Relations are further complicated by Iran’s marginalisation of its large Azeri minority. More ethnic Azeris live within Iran’s borders than in Azerbaijan itself: the community is estimated to number anywhere between 15 and 40 million people. They are the second-largest ethnic group in Iran, and are treated with great suspicion by the national government, which fears Azeri secessionism in the country’s North-West.
Iran accuses Azerbaijan of stoking separatist sentiment in the country, which Baku denies. But this has done little to calm nerves in Tehran. It was a similar — and similarly widely-ignored — geopolitical paranoia that drove Russia to invade Ukraine last year. A failure to treat the Iranian threat more seriously could have similarly devastating consequences.
The more recent antagonism between Azerbaijan and Iran can largely be attributed to the changing geopolitical realities in the Caucasus since the brief war over Karabakh in 2020. Recognised as the sovereign territory of Azerbaijan under international law, Karabakh is home to a large ethnic Armenian minority and was illegally occupied by the Armenian military for more than a quarter of a century before being reclaimed by Baku. The 44-day conflict was suspended by a Russian-brokered ceasefire agreement, but a formal peace treaty has yet to be signed. The leaders of Armenia and Azerbaijan were reported to be resuming talks in Brussels at the weekend.
Tehran enjoys close relations with Armenia, a nation often considered part of “Greater Iran”. Azerbaijan’s victory in Karabakh was, therefore, a setback for both nations: Azerbaijan reclaimed control over part of the highway that links Iran to Armenia, which is a critical trade route that also connects Tehran to the Black Sea and Russia. Azerbaijan has already imposed a steep tax on Iranian trucks carrying goods to Armenia, which it accuses of supplying separatists in Karabakh. Mustafa claims that, as a result of this new threat to its interests, Tehran is actively trying to sabotage the peace process in Karabakh.
“Iran is trying to conduct a very active policy in the South Caucasus. It acts with the idea of filling the vacuum created in the region after Russia’s war with Ukraine,” he writes. “Although Iran does not have the ability to influence the processes in the entire South Caucasus, it has made attempts to hinder the achievement of stability in the region and the conclusion of peace between Azerbaijan and Armenia.” Indeed, it is possible that Iran might provide military support to ethnic Armenian separatists; recent reports suggest that Tehran might supply this nation of “Greater Iran” with the same suicide drones it provided Russian forces in Ukraine.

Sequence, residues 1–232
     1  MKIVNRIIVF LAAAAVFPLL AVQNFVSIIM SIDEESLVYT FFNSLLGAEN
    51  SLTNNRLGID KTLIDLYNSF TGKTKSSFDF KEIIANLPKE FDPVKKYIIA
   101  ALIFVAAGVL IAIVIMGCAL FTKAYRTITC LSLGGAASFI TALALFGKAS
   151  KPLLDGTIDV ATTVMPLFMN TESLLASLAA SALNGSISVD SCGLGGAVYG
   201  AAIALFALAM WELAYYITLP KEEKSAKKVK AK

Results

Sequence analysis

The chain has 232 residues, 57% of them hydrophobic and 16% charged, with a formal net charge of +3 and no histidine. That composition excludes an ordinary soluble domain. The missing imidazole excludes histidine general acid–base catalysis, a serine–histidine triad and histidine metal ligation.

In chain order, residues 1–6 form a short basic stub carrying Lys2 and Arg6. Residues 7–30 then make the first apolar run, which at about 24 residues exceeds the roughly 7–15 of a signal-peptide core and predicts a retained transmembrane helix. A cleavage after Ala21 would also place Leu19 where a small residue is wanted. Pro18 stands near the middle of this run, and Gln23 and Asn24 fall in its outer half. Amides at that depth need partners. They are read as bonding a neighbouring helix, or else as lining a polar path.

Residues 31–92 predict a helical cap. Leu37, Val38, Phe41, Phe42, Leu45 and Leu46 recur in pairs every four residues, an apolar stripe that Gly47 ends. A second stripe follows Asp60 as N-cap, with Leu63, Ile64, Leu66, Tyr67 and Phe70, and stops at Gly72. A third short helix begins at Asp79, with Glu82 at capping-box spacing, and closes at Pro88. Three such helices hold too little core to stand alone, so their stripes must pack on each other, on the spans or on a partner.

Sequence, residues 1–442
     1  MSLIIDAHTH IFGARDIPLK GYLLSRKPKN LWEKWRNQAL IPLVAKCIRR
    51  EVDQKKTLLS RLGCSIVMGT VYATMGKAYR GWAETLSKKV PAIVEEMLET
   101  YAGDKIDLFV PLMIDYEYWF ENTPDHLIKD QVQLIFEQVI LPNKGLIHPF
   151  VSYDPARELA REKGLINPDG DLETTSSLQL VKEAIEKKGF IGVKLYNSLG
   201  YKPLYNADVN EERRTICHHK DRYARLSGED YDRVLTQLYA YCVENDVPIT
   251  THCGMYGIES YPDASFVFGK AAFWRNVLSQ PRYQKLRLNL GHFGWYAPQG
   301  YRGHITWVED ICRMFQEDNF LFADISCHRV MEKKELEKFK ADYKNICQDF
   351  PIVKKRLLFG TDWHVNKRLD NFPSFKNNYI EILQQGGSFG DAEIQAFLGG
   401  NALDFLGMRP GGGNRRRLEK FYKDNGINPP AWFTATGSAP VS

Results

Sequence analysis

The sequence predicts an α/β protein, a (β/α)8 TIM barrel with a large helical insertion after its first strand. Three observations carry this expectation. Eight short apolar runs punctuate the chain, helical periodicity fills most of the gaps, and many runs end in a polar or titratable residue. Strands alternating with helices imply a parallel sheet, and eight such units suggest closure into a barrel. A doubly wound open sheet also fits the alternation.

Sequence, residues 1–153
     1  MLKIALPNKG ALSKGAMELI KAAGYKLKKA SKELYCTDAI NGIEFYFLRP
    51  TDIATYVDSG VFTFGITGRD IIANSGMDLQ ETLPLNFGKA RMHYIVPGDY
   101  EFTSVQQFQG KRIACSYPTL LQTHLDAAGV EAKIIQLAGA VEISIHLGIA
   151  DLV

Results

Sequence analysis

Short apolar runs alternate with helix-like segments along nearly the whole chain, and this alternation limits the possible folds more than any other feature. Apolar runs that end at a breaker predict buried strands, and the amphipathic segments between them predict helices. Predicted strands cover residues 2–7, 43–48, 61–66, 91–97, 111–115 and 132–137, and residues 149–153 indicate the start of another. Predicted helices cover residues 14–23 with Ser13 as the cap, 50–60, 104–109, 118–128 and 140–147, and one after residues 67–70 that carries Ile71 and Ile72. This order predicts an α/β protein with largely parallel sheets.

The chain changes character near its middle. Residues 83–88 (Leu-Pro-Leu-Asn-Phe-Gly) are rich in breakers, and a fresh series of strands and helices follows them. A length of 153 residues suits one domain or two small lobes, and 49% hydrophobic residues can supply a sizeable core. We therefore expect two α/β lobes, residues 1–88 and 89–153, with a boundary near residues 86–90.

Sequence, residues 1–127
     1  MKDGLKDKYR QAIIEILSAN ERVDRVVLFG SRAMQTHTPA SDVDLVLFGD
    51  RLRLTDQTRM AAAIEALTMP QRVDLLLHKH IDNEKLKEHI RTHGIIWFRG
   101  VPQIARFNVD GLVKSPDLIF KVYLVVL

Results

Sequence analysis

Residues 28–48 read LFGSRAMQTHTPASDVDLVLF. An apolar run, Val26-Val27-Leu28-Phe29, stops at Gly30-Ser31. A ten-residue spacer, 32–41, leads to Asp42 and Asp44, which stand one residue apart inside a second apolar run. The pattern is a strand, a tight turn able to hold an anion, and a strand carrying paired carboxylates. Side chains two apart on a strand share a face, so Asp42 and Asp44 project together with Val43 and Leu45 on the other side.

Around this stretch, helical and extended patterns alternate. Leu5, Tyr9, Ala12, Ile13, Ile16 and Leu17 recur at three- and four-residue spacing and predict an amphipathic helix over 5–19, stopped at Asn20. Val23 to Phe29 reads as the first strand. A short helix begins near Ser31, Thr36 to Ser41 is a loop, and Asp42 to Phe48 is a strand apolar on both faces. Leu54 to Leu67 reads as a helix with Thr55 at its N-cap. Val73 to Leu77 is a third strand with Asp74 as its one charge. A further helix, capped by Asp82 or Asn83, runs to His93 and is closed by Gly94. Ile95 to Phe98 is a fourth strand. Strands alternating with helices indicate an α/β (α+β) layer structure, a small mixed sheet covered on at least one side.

Emboldened by its military victory in Karabakh — and a stockpile of high-grade Israeli arms — Baku appears unlikely to back down. Further escalation is possible, if not probable. Azerbaijan also knows that it can also rely on the support of its main ally, Turkey. The two countries have a mutual defense agreement in place and, assured by its membership of Nato, Ankara is unlikely to shy away from supporting the Azeris against the Iranians. Were that to occur, Moscow would feel obliged to step into the conflict. It is this risk of entanglement that makes the current standoff so dangerous.
Geopolitical alliances are key to preventing conflicts. They give smaller nations a degree of security against the threat posed by their larger, more malevolent neighbours. However, they can also have terrible consequences. They can cause a conflict to quickly cascade, as was the case in the Balkans in 1914: the Archduke was shot by a Bosnian Serb, which led to a standoff between Austria-Hungary and Serbia that later dragged in Russia before exploding into a world war.